Acta Anthropologica Sinica ›› 2023, Vol. 42 ›› Issue (05): 590-603.doi: 10.16359/j.1000-3193/AAS.2023.0050

• Research Articles • Previous Articles     Next Articles

Stone artifacts unearthed from the Baixigou site in the Nihewan Basin

YI Mingjie1(), YU Guanyue2, CHEN Fuyou3, ZHANG Xiaoling3   

  1. 1. School of History, Renmin University of China, Beijing 100872
    2. Nanjing Museum, Nanjing 210016
    3. Key Laboratory of Vertebrate Evolution and Human Origins, Institute of Vertebrate Paleontology and Paleoanthropology, Chinese Academy of Sciences, Beijing 100044
  • Received:2022-01-26 Revised:2022-09-26 Online:2023-10-15 Published:2023-10-16


The Baixigou site is located on the secondary terrace of Sanggan River in Yangyuan County, Hebei Province. A salvage archaeological excavation of an area of 4 m2 in 2017 revealed a cultural layer of 6 cm thick, from which 991 artifacts were unearthed including 684 lithics and 307 animal bones. With a single cultural layer and thin accumulation, the Baixigou site has hardly been disturbed during its formation process. Artifacts are densely distributed around a hearth, including microblade products, flake tools, animal bones, ostrich eggshell beads and possible pigments. Different types of stone tools were made with specific raw materials, indicating that exploitation of raw materials was well-planned and systematic. The technology of wedge-shaped cores is close to the Yubetsu method where humans applied this technique skillfully and simplified core preparation procedure in consideration of blank characteristics. Chipped stones are most likely to be by-products of microblade production, of which 19 groups were refitted. There were only three tools, including one scraper and two adzes, but they are exquisite and reflect a trend towards standardization and craft specialization. Preliminary dating shows that the site was occupied around 17 kaBP. From the perspective of a forager-collector model, the Baixigou site is similar to a temporary field camp with a logistic mobility strategy. Activities carried out here are low-intensity, and thus few lithics have been used. Specialized tools such as adzes may reflect a connection between a residential camp and a more permanent field camp. To be specific, in addition to providing necessary tools for groups in the temporary field camp to reduce risk and maintain high mobility, groups in the residential camp provided specialized tools that met the needs of field camp. As a result, specialized tools are found in both types of camps. A significant number of microblade have been unearthed from the Nihewan Basin that shows a three-stage change corresponding to emergence, spread and gradual fading of microblade technology (i.e., early stage before and during Last Glacial Maximum; middle stage from post-LGM to pre-Holocene; and late stage during early Holocene). The process was consistent with climate fluctuations. Abundant archaeological remains indicate that group mobility of these hunter-gatherers slowly reduced with a tendency towards a more organized society.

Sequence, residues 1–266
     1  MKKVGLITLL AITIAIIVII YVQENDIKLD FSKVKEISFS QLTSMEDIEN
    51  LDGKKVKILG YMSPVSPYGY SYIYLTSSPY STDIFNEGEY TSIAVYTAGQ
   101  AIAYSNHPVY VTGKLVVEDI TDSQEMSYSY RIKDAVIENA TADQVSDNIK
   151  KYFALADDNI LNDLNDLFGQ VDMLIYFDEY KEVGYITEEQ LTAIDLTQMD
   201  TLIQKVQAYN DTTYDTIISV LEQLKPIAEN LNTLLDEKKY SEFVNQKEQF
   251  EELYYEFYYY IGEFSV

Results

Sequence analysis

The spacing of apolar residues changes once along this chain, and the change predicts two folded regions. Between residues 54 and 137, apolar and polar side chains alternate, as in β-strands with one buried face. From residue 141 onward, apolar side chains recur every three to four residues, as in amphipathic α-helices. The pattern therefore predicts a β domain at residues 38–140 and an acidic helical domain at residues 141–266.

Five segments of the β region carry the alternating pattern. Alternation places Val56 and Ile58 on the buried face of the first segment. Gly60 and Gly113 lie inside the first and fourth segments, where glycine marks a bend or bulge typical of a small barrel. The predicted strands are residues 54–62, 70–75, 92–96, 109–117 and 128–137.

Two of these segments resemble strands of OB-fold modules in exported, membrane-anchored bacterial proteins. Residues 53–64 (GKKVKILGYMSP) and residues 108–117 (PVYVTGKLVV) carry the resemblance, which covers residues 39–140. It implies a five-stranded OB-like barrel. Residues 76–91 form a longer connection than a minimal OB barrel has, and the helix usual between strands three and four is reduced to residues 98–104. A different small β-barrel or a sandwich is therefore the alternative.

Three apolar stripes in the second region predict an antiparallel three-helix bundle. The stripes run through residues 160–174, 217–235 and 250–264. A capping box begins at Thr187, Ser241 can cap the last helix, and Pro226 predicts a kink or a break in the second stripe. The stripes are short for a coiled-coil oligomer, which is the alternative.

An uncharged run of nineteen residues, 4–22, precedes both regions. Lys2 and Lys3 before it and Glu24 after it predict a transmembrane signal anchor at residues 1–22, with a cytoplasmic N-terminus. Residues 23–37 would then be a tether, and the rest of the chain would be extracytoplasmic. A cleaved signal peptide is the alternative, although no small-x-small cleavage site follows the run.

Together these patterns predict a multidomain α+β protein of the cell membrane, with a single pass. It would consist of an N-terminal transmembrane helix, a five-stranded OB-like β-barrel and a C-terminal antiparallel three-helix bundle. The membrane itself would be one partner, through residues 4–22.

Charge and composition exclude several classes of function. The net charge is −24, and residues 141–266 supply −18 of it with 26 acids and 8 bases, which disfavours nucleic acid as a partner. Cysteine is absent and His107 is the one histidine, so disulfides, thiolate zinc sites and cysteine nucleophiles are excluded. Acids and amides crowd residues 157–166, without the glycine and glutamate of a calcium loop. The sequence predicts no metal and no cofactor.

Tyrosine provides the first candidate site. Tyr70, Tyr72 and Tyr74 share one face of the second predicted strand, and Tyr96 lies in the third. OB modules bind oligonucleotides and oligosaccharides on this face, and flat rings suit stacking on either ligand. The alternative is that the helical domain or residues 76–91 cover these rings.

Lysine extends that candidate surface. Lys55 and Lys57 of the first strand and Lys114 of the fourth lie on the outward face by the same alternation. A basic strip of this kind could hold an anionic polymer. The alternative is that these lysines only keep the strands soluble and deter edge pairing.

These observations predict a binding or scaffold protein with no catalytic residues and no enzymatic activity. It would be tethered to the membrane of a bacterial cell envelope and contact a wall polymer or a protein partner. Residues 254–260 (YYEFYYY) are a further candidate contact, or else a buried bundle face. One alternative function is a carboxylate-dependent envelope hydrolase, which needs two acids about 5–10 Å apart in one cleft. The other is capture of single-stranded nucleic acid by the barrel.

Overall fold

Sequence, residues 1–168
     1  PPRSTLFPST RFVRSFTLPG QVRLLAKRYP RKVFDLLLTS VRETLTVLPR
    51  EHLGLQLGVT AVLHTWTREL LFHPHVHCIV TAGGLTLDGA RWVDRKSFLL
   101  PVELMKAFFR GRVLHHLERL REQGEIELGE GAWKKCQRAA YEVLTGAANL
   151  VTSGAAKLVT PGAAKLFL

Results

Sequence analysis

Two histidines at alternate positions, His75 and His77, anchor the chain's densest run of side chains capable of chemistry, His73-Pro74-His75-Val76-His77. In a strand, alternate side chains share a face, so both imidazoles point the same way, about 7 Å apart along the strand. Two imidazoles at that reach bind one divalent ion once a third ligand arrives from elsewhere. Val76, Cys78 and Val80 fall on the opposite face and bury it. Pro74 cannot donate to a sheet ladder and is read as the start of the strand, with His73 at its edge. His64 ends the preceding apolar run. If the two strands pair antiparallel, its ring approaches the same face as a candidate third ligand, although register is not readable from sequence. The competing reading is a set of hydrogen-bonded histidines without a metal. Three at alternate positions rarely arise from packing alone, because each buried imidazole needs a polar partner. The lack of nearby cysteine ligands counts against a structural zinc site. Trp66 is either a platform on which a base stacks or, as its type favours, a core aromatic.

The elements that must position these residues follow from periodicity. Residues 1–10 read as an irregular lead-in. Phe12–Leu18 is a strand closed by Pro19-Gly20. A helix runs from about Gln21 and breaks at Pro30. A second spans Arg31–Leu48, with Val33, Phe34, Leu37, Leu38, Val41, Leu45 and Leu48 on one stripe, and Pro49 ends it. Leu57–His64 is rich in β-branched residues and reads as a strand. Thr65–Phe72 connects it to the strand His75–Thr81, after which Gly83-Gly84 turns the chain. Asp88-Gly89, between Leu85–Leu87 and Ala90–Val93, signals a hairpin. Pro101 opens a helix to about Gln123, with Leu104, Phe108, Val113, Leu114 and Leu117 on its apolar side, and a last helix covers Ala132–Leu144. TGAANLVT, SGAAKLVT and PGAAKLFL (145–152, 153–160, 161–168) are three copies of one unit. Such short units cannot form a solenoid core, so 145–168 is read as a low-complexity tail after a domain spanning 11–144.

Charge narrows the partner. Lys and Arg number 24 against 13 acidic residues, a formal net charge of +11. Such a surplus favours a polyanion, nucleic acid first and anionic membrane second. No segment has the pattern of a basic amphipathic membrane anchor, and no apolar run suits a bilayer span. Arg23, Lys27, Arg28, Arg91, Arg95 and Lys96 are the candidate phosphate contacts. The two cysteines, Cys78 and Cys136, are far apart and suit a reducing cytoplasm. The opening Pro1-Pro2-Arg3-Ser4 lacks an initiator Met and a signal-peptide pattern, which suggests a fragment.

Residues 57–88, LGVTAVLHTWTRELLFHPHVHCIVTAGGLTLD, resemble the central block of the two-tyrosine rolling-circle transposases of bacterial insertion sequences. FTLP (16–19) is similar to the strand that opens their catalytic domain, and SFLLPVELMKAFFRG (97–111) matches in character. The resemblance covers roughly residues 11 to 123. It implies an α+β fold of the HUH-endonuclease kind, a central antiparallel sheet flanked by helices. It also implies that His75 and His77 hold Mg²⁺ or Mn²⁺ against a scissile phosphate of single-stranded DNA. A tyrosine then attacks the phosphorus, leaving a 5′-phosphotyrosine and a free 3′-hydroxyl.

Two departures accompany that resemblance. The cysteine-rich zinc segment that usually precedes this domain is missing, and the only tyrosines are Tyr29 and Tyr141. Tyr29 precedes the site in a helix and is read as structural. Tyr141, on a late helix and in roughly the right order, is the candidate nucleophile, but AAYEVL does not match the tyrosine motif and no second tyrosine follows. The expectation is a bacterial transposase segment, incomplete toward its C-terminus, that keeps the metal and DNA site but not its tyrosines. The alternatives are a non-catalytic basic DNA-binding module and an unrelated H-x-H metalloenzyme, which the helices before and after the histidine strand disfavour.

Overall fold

Key words: Nihewan, Archaeology, Lithics, Microblades, Upper Paleolithic

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